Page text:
Title VII of the Civil Rights Act of 1964 grants the federal courts jurisdiction in employment discrimination matters and sanctions orders of affirmative relief where equitable. This relief, usually in the form of back pay and injunctions, may be awarded upon a finding of intentional, discriminatory labor practices. Being equitable remedies, however, the courts have given numerous and conflicting interpretations as to when such affirmative relief should be awarded or denied. The prior history of Albemarle Paper Co. v. Moody typifies the inconsistencies in this area. The case was a class action under Title VII by former and present employees of Albemarle Paper Company. The class, after following the designated administrative procedures, filed for an injunction against Albemarle's alleged unlawful employment practices. Backpay was not requested until after several years of discovery and motions. The allegations attacked the company's seniority system and its requirement of a high school diploma and passing of two tests for entry into the skilled production lines.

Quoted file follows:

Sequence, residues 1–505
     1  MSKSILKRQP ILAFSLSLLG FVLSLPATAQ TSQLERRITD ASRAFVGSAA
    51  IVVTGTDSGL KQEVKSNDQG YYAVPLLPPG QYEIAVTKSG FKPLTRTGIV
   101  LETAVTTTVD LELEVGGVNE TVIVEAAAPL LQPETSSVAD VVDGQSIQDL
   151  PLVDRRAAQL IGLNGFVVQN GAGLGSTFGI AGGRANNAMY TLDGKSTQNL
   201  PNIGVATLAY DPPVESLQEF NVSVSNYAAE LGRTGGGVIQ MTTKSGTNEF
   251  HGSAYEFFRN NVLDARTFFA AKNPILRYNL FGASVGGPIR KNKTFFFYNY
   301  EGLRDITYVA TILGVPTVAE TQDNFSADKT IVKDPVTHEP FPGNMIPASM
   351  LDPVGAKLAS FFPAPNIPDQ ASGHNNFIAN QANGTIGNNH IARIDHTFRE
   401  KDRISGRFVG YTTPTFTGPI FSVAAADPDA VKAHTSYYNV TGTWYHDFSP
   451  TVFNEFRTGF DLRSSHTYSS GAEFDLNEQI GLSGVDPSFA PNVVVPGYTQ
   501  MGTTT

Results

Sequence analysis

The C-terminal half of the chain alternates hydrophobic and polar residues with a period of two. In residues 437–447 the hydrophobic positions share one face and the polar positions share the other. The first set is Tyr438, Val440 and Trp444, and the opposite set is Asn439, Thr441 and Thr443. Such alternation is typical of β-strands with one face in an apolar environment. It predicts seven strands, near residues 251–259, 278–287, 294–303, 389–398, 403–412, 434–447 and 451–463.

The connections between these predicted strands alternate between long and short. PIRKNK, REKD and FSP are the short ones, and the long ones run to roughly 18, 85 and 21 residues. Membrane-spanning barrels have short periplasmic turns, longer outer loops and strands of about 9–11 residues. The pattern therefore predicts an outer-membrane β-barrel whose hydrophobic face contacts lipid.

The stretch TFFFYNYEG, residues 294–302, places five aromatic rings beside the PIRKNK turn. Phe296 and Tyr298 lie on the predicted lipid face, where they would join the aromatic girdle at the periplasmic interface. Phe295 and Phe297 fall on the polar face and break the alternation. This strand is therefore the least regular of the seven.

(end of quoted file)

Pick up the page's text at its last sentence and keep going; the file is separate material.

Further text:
Civil Rights-Standards for Equitable Relief After a Finding of Employment Discrimination Are Based On Aims Of Title VII,
U. Rich. L. Rev.
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